Sunday, November 27, 2022

Wayne Pivac’s sacking will not solve the deep-rooted problems in Welsh rugby

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The dreadful streak of results, which includes last week’s embarrassing defeat by Georgia, is as much a result of quarreling Blazers and declining standards in schooling as it is of the Kiwi overseeing the national team

The Welsh Rugby Union will have a new chairman next week. The Wales national team could also be looking for a new head coach next week, judging by the darkest words from the rumor mill.

Wayne Pivac has come under critical fire since last week’s bitter home loss to Georgia. A win against Australia on Saturday might save face, but not Pivac’s job. And that just two weeks after Wales defeated Argentina, who had just defeated England.

Sam Warburton, Jamie Roberts, Gwyn Jones and Graham Price – former Welsh stars whose careers stretch back to the 1970s – lined up to make up for the team’s lack of fighting power and strength in the 13-12 loss to the Georgians, who are now are 13th to be detailed in the world, while Wales has fallen to ninth place.

The result was accompanied by another first when Wales lost at home to Italy last March, and Pivac’s men have won just three of 11 games this calendar year, and 13 of 33 since Warren Gatland guided Wales to the semi-finals of the 2019 World Cup. As he then handed the reins to Pivac, Gatland delivered a chilling message: “It would break my heart if Wales got into the doldrums again.”

Amid the current feverish atmosphere, Pivac’s 2021 Six Nations win is being attributed to luck and the 50-year-old Kiwi is being hoisted by his own petard for not delivering the expansive style he previously cultivated with regional team Scarlet. Another Kiwi, the Crusaders’ Scott Robertson, is favored by some to parachute to the 2023 Rugby World Cup in 10 months, where Wales will be pooled with, guess who, Georgia and Australia, as well as Fiji and Portugal.

Robertson, who aspires to an international job, was impressed while attending the almost ritualistic win over New Zealand, 55-23, in Cardiff three weeks ago. He said a few days later: “[With] the passion and the hype and everything behind it – how do I put that diplomatically? – there are many ways to be successful.”

Pivac’s response this week was to speak of players “rolling up their sleeves” as he brought back 37-year-old Alun Wyn Jones to start a game in which England-based players like Louis Rees-Zammit, Nick Tompkins and Christ playing Tshiunza are unavailable.

A similar work ethic metaphor was used by outgoing Wales Rugby Union chairman Rob Butcher when he asked permission to remove his jacket to address members at the annual general meeting on the last Sunday in October. The main event, held at the Parkgate Hotel in Cardiff, a new WRU money-making joint venture, was a progressive step towards installing an independent chair, but it did not achieve the required 75 per cent support. Critics say this has perpetuated undue grassroots influence, as representatives from amateur clubs and districts dominate the WRU board.

Others say the motion showed the Union wants change. A professional game board exists to deal with the elite, but is subordinate to the board. Butcher, who resigned earlier this month, is set to be replaced next week by either Ieuan Evans or Anthony Buchanan, both former internationals.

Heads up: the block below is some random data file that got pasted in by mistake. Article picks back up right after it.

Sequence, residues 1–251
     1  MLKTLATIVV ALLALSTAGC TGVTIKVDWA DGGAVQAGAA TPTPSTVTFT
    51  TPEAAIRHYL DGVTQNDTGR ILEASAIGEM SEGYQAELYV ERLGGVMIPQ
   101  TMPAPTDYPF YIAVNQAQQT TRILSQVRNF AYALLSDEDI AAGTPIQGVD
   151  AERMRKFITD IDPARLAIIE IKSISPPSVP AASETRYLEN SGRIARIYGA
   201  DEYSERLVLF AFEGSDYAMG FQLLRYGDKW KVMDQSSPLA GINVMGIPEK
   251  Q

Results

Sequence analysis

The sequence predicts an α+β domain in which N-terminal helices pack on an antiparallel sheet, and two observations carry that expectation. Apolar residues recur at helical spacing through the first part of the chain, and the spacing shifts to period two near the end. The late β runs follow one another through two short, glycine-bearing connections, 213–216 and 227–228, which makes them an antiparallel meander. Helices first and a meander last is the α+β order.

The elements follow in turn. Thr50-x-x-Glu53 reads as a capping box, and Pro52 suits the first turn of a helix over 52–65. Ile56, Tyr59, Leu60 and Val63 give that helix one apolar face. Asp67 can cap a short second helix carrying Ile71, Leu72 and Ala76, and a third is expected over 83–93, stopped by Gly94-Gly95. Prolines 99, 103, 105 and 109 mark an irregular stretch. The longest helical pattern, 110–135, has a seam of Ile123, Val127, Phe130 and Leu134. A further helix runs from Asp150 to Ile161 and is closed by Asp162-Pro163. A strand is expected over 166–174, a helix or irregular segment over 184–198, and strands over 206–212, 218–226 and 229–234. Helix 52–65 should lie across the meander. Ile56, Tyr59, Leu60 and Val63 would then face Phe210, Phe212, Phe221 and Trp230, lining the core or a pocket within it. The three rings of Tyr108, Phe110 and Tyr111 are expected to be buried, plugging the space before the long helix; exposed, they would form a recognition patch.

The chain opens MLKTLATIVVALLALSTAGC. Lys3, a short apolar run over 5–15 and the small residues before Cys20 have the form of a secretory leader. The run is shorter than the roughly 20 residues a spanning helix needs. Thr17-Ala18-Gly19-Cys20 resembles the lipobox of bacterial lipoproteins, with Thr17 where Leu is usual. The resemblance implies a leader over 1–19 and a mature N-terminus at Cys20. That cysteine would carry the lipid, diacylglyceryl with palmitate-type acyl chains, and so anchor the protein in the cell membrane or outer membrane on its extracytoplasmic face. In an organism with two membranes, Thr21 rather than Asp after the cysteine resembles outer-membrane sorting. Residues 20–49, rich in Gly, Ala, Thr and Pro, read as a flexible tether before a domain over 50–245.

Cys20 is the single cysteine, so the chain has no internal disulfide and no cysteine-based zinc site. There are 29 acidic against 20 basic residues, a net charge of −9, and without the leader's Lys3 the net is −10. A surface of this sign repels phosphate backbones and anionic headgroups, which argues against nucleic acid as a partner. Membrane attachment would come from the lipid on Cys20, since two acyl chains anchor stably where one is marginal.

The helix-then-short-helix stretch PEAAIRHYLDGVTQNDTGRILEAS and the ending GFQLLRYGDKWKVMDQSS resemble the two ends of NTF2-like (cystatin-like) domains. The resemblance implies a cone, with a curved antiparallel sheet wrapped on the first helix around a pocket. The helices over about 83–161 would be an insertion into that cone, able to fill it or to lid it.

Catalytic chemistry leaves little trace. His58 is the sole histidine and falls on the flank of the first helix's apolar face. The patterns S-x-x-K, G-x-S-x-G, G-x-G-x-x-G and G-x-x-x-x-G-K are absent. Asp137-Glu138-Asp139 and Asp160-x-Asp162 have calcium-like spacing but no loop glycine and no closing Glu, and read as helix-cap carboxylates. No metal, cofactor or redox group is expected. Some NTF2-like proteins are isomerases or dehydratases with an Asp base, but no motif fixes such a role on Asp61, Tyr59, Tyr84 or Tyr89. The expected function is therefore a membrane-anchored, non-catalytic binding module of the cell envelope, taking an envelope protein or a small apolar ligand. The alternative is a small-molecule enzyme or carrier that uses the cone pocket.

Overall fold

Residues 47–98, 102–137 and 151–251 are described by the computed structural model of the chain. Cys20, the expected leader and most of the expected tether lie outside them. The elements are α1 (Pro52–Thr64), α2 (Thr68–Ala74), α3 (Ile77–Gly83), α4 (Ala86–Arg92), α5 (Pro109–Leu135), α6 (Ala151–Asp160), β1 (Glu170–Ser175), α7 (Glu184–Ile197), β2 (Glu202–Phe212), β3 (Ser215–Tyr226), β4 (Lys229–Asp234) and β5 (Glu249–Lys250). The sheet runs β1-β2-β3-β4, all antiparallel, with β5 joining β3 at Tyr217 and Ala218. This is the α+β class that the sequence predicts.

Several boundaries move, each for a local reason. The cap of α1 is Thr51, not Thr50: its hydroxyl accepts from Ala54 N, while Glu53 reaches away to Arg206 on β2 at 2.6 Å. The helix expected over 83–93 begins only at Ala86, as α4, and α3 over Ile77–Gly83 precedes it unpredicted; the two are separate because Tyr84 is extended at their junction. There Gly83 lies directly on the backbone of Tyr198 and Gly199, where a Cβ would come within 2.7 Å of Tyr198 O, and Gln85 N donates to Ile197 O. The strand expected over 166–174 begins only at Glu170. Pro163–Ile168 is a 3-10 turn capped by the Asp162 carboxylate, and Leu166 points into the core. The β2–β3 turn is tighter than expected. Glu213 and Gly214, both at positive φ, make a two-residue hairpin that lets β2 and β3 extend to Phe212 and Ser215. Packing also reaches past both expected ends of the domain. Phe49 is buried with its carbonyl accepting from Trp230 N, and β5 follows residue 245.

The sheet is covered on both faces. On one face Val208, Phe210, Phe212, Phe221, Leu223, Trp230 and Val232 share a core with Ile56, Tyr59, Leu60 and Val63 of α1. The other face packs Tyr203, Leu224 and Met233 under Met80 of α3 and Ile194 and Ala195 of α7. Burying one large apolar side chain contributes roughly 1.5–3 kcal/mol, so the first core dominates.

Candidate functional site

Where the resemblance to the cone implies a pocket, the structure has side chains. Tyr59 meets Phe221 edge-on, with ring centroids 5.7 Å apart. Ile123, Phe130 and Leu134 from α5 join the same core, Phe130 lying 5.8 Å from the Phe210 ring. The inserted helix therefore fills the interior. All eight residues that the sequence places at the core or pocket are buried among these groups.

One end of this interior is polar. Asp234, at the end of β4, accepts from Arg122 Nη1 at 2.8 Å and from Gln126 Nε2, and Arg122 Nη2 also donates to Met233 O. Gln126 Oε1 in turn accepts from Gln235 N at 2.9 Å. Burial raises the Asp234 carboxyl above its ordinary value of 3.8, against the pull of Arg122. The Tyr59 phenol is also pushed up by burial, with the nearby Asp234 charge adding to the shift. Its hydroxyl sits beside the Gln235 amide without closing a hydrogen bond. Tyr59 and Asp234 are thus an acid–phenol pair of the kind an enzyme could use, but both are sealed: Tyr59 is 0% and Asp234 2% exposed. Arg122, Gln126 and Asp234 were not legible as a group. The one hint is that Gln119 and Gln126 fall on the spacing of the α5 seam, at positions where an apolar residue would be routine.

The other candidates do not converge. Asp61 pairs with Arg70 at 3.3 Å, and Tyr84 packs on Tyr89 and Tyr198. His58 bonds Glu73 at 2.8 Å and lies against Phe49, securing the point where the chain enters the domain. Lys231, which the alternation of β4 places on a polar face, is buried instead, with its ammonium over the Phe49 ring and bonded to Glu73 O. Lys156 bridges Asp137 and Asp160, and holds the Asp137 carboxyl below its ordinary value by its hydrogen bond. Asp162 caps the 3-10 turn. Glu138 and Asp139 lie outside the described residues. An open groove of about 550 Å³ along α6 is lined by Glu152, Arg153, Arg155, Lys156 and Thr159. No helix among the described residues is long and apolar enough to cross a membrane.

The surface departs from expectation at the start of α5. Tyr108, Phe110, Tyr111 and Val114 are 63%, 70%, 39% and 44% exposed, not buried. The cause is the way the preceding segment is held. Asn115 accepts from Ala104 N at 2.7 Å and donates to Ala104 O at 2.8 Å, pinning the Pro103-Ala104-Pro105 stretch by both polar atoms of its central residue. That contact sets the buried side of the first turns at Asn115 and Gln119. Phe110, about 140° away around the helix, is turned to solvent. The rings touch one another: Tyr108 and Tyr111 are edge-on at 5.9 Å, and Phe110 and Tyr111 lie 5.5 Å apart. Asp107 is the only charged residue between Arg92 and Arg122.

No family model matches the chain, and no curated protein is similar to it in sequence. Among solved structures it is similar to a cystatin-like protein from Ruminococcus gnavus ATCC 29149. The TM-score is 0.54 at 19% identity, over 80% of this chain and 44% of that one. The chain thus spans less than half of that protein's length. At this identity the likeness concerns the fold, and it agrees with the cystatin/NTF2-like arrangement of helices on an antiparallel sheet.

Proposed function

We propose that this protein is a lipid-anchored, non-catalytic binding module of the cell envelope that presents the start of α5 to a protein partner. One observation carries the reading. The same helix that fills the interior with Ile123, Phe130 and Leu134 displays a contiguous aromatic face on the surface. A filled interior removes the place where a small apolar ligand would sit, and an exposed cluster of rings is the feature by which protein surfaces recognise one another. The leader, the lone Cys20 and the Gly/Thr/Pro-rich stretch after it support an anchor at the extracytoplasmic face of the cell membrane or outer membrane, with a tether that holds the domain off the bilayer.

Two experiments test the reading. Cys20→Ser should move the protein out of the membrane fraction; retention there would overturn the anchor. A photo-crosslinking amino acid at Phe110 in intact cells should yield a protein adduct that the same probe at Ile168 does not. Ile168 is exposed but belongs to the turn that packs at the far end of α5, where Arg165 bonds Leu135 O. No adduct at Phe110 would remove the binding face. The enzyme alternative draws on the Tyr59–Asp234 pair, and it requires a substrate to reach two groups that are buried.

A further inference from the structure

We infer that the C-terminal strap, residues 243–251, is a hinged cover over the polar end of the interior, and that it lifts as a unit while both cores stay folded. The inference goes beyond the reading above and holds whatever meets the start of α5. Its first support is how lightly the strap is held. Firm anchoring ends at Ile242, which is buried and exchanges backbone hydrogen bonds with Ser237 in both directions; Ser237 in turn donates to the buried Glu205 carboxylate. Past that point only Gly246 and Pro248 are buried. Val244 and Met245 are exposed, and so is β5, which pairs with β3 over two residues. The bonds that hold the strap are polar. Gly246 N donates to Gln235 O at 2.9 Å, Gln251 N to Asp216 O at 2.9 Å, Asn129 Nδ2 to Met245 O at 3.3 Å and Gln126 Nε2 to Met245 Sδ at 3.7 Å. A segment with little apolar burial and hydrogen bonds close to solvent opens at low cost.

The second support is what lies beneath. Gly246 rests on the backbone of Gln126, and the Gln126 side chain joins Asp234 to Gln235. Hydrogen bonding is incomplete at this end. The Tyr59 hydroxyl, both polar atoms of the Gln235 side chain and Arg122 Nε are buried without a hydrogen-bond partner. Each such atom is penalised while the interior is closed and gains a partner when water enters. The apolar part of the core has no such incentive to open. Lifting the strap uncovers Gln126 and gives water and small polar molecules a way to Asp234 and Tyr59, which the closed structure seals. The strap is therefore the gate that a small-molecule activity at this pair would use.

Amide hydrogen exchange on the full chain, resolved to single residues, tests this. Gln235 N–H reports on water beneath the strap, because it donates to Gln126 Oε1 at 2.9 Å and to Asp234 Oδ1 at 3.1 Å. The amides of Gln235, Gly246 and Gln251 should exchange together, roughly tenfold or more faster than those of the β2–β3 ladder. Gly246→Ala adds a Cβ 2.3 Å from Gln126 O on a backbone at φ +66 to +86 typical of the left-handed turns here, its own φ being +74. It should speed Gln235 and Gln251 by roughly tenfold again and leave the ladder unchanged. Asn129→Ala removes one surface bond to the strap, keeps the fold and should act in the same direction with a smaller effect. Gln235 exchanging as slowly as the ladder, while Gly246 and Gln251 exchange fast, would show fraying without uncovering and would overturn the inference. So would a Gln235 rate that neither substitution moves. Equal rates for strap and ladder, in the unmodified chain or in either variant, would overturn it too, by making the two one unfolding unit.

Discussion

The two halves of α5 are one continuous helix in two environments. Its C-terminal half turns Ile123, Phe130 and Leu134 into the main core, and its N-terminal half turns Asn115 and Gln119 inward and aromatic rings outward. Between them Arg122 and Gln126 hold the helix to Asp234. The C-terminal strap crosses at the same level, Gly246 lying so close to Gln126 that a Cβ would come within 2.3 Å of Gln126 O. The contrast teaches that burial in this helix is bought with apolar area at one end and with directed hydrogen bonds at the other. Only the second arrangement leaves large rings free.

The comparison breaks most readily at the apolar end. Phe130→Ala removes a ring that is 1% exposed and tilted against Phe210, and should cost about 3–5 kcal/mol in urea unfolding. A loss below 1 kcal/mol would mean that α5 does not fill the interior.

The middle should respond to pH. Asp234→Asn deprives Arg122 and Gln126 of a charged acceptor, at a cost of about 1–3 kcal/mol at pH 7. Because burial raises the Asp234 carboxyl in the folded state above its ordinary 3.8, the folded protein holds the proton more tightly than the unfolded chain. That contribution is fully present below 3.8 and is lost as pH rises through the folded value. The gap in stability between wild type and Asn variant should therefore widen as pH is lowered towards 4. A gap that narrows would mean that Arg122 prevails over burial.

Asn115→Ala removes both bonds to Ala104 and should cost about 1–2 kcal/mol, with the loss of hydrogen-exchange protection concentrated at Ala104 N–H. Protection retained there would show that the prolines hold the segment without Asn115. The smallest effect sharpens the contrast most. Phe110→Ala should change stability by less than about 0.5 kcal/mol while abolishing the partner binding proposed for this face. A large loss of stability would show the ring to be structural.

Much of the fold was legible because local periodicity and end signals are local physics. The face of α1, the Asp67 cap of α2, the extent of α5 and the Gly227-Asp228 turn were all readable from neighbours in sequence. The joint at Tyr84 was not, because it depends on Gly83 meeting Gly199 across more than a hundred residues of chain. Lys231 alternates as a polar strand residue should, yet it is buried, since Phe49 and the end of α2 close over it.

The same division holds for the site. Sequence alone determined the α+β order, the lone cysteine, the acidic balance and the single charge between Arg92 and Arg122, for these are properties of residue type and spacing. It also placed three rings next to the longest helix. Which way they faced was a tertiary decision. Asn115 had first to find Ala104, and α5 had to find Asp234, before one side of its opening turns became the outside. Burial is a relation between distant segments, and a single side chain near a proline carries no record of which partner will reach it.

Warburton installed the entire system The timeswrites: “The aim has to be for a region to win the European Cup and for Wales to win the World Cup… then you can watch everything that comes off that. [But] I don’t think the WRU trusts the regions with their money and then the regions don’t want to own the WRU because their governance is so old-fashioned.”

These are the horns of the dilemma. Three of the regional teams – Scarlets, Cardiff and Ospreys – are privately owned. They need more investment and are keeping an eye on the money CVC is investing in the Six Nations, but the WRU are understood to be reluctant to invest without more say in what the regions are doing. Hence standstill.

Underneath all of this, the path for players is through schools and academies – and the latter are controlled by the regions. Lyn Jones, who has coached both the Ospreys and WRU’s own Dragons, narrated I this week: “When I watch Wales play it seems like we play to a heavy structure and preconceived ‘coding’. We’re not getting the breaks or yards we’ve had in previous seasons – although I still think we’ll beat Australia.

“There is a lack of quality that goes back to the schools. Welsh rugby used to be good with the level of coaching in our comprehensive schools. It has worsened since the 1980s and continues to decline. Boys should already have the basics before coming to the region. The WRU has done a really good job with the academies [before the regions took over]. Why the change? Unfortunately, we don’t always employ the best trained coaches for our youngsters.”

Pivac is not the first company to face these challenges. Holy Gatland had nine losses and meager Six Nations years in 2010. Romania, Samoa and Canada have all humiliated Wales at home in the past. Australia, currently 25 players short, face their worst calendar year since 1958 when they concede their 10th defeat in 14 games on Saturday.

Pivac will be in France on Sunday to check the World Cup facilities. England’s Eddie Jones did the job a couple of months ago – but the two men share a belief that the only way they will be measured is the World Cup. Pivac said this week: “I honestly think so with eight weeks together [next summer]we’re going to improve a hell of a lot.”

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